We weren’t supposed to feel anything for these men. It was dangerous – this paradox Black girls couldn’t take the long way around to avoid. But Black girls are not parts created from perceptions. We are human in a world that told us we couldn’t be. 

I awoke each day pretending we were on our own island. We never left the house. No one visited other than a plump, graying woman who came twice a day to clean and leave protein-heavy meals on warming trays or wrapped in plastic in the refrigerator. He called her Service as if it were her name. This ghost in pink lipstick and blue shoe covers floated around the house never acknowledging me or Bastien.

Solenne has been raised to be quiet and do as she’s told. After her first assignment at the capital, she ends up with the Order’s highest Official, who thinks he cares for her so well she would never want freedom.

Official synopsis:
Book Review and GIVEAWAY: The Blueprint, by Rae Giana Rashad {ends 1/29}
Solenne Bonet lives in Texas where choice no longer exists. An algorithm determines a Black woman’s occupation, spouse, and residence. Solenne finds solace in penning the biography of Henriette, an ancestor who’d been an enslaved concubine to a wealthy planter in 1800s Louisiana. But history repeats itself when Solenne, lonely and na├»ve, finds herself entangled with Bastien Martin, a high-ranking government official. Solenne finds the psychological bond unbearable, so she considers alternatives. With Henriette as her guide, she must decide whether and how to leave behind all she knows.  

Inspired by the lives of enslaved concubines to U.S. politicians and planters, The Blueprint unfolds over dual timelines to explore bodily autonomy, hypocrisy, and power imbalances through the lens of the nation’s most unprotected: a Black girl.

This is a book that was speculative fiction (based in 2030) but read as literary fiction. Solenne is a woman trapped in the laws of the Order for DoS (Descendants of Slavery) who can’t help noticing the similarities with her ancestor Henriette, a concubine who was sold to a plantation owner in the United States in the early 1800's. She communicates both of their tragic stories beautifully.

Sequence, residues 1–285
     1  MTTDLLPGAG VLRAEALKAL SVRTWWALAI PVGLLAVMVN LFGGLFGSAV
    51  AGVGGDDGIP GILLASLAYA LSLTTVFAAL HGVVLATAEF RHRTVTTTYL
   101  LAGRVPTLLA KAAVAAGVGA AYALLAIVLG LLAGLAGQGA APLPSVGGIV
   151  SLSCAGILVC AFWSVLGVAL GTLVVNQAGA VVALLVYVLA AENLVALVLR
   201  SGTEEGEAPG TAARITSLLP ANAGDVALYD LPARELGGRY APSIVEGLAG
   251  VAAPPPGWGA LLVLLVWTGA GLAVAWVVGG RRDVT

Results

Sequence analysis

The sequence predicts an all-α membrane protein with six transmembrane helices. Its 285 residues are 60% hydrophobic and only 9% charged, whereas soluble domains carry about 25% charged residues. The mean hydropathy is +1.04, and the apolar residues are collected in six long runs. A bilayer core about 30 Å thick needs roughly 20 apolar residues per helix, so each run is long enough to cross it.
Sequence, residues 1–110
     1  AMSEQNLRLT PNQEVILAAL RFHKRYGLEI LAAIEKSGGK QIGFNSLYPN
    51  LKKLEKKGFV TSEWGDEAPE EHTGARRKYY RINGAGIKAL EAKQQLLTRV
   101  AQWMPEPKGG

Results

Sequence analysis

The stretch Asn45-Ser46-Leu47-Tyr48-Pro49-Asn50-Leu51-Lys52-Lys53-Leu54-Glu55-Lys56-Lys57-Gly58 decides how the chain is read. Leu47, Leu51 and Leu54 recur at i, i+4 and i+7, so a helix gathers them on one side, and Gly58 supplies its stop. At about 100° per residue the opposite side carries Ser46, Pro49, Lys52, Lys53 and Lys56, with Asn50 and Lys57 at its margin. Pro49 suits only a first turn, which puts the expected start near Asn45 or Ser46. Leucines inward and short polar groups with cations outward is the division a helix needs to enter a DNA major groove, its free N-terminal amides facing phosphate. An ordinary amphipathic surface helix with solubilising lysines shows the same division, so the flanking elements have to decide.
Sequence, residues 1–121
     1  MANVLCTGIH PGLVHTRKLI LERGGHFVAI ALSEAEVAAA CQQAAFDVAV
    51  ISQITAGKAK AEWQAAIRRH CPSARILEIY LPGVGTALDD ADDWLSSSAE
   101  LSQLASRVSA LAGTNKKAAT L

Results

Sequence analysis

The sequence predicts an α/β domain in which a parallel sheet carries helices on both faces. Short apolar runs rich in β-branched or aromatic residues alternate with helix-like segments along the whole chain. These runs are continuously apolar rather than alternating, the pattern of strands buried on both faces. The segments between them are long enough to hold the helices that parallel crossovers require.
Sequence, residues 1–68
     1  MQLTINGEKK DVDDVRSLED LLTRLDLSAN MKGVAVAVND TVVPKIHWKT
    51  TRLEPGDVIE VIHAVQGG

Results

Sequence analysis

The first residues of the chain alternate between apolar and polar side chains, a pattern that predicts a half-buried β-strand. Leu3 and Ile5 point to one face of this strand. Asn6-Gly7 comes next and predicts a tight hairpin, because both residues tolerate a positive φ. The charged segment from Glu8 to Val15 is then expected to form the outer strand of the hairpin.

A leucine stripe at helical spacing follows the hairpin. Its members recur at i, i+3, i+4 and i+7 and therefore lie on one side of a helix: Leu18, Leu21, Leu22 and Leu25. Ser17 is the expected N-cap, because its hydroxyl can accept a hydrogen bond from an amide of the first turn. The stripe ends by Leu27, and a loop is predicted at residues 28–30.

The story is told in alternating viewpoints, with sections about Solenne’s girlhood years in school, the time at the beginning of her assignment, her re-telling of Henriette’s story, and the ‘current’ time when she’s actually determining what to do after reflecting on everything that has been. All of the viewpoints were equally compelling and contributed meaning to the story.

Overall, this wonderful book earned 5 out of 5 stars. It’s impossible not to empathize with Solenne and feel like she’s someone the reader really knows. The book would be loved by those who enjoy speculative fiction, women’s stories, and literary fiction.

{click here to purchase via Amazon affiliate link}

Becki Bayley is a Gemini who loves reading and writing. She appreciates the sun on her skin, but is also willing to hunker down in the home that she loves until it’s warm enough to go outside again. Find out more about her life and reading on her blog,


One of my lucky readers will win a copy of The Blueprint!

Enter via the widget below. Giveaway will end on Sunday, January 29th at 11:59pm ET, and winner will be contacted the next day via email and have 24 hours to respond, or an alternate winner will be chosen.

U.S. residents only, please.

Good luck!

The Blueprint, by Rae Giana Rashad

Thursday, January 11, 2024

Book Review and GIVEAWAY: Northwoods, by Amy Pease {ends 1/20}

Guest review by: Becki Bayley

“You look like shit, Eli.”

“Good morning to you, too, Dan.” Eli had left his car windows open last night in the rain, and he realized just now that his backside was damp from the soggy, musty upholstery. He pulled his phone out of his back pocket and crammed it into the breast pocket of his shirt, where it sagged and wobbled stupidly in the thin fabric. On the drive here, he had fantasized about never having to see Alyssa Mason again. At least she was gracious enough not to text him this morning to see how he was doing. He still had no idea why she’d covered for him last night.